By Andrea Shalal and David Lawder
WASHINGTON (Reuters) -U.S. Treasury Secretary Janet Yellen pledged U.S. support for Egypt’s economy and reforms after meeting with the North African nation’s authorities on Tuesday in Washington amid talks over expanding Egypt’s $3 billion International Monetary Fund loan program.
The Egyptian officials, including the country’s finance minister and central bank governor, also were due to meet with IMF Managing Director Kristalina Georgieva during their visit to Washington on Tuesday, an IMF spokesperson said, without providing further details.
The high-level meetings come as U.S. Secretary of State Antony Blinken visits the Middle East and works to prevent the Israel-Gaza war from expanding into a wider regional conflict.
Georgieva told Reuters in November that the IMF was “seriously considering” augmenting Egypt’s $3 billion loan program as the country struggles with the economic impact from Israel’s invasion of Gaza.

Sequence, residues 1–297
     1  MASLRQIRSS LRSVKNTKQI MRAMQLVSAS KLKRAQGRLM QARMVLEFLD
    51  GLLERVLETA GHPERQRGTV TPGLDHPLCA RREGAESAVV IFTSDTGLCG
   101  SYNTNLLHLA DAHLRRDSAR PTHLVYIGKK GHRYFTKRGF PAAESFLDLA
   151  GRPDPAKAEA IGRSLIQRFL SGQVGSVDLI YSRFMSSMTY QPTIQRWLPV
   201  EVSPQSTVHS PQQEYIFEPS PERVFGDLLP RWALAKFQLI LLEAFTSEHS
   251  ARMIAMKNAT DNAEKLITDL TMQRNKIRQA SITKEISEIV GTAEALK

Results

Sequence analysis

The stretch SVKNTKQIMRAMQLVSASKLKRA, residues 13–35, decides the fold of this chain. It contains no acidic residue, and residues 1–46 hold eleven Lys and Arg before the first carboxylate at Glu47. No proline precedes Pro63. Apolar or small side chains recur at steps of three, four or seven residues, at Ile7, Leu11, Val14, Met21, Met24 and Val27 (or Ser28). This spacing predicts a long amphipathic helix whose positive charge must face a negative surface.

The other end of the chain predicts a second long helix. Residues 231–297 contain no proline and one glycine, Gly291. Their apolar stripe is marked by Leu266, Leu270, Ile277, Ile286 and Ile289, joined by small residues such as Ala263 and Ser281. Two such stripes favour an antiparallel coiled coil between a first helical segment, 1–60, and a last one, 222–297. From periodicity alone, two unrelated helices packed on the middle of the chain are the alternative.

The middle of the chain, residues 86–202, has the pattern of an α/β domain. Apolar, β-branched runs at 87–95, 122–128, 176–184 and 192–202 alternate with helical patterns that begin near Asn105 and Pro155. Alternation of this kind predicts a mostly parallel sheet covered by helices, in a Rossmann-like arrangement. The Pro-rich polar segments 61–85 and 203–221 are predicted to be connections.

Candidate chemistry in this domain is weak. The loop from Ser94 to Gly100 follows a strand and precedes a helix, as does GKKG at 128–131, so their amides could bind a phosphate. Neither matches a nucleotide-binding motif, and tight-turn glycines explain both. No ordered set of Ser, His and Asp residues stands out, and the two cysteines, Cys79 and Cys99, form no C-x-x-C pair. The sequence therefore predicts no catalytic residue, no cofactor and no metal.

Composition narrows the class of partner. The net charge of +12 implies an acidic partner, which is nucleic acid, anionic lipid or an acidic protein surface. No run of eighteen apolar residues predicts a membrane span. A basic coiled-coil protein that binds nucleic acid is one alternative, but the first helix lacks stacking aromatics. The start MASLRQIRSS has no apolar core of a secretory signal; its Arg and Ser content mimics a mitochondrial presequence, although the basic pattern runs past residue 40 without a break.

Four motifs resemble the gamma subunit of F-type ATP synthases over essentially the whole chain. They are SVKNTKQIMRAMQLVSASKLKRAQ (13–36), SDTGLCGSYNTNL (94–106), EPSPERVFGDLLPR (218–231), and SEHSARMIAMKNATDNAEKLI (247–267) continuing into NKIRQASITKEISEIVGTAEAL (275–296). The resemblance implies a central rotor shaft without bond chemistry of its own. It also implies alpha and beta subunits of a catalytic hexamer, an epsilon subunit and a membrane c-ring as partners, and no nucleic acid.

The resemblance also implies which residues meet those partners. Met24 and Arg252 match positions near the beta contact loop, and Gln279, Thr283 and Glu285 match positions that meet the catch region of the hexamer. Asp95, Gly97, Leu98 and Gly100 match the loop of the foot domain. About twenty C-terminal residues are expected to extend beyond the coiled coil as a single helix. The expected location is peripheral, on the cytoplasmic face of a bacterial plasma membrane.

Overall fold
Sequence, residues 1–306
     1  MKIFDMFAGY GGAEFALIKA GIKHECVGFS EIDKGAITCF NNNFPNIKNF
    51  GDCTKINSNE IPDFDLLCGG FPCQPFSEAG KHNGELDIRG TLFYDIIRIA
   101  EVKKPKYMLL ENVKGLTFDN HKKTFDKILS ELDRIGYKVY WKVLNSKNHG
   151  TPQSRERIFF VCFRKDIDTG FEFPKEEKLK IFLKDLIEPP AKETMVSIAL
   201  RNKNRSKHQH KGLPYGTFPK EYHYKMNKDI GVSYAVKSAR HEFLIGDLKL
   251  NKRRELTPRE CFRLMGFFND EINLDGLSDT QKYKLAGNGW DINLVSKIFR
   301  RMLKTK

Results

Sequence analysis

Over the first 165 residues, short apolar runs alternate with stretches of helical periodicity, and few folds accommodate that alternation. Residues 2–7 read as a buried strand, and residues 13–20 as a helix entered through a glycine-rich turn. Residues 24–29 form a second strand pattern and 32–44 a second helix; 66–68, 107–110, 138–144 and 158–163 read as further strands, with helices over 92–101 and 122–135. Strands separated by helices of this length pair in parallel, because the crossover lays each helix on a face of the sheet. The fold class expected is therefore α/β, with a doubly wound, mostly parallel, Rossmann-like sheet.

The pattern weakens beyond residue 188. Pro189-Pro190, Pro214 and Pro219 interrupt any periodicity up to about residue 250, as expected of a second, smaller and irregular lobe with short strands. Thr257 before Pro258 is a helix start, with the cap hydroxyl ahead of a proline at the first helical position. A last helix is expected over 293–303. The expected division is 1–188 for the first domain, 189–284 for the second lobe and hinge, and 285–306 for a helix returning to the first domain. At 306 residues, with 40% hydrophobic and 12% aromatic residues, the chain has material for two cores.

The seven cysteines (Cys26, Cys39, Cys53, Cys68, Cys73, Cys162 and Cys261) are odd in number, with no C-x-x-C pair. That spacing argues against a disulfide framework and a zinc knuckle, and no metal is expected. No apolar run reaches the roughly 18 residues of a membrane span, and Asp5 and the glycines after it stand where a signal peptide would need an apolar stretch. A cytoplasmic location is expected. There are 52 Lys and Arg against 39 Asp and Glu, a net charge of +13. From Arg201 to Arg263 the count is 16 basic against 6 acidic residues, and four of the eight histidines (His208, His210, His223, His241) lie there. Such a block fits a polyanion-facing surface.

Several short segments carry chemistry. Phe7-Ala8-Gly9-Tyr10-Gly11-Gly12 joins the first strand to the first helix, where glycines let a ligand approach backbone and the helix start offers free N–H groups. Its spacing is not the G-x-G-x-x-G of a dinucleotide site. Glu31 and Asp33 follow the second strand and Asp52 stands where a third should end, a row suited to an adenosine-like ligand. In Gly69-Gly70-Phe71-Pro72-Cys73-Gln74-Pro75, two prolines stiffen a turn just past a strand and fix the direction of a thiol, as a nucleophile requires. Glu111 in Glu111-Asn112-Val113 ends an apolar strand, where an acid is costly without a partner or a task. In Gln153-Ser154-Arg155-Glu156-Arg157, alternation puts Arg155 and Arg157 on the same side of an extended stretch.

Already facing high foreign debt levels, Egypt has been hit hard by the war in the neighboring Gaza Strip, which threatens to disrupt tourism bookings and natural gas imports, as well as recent attacks on Red Sea ships.
A statement from Treasury said that Yellen discussed challenges to Egypt from the Gaza war during her meeting with Egyptian Finance Minister Mohamed Maait, Minister of International Cooperation Rania Al-Mashat, and Central Bank of Egypt Governor Hassan Abdalla.
“Secretary Yellen underscored strong United States support for Egypt and its economic reform program. She underscored the goal of bolstering Egypt’s economy and supporting inclusive, sustainable growth,” the Treasury said.
Egypt’s $3 billion loan program agreed with the IMF in December 2022 faltered after the North African country failed to let its currency float freely or make progress on the sale of state assets.
The IMF, in which the U.S. is the largest shareholder, delayed disbursements of about $700 million expected in 2023, but in December said it was in talks to expand the $3 billion program given economic risk from the Israel-Gaza war.
A spokesperson for Egypt’s embassy in Washington could not be reached for comment.
(Reporting by Andrea Shalal and David Lawder; Editing by Chizu Nomiyama, Jonathan Oatis and Muralikumar Anantharaman)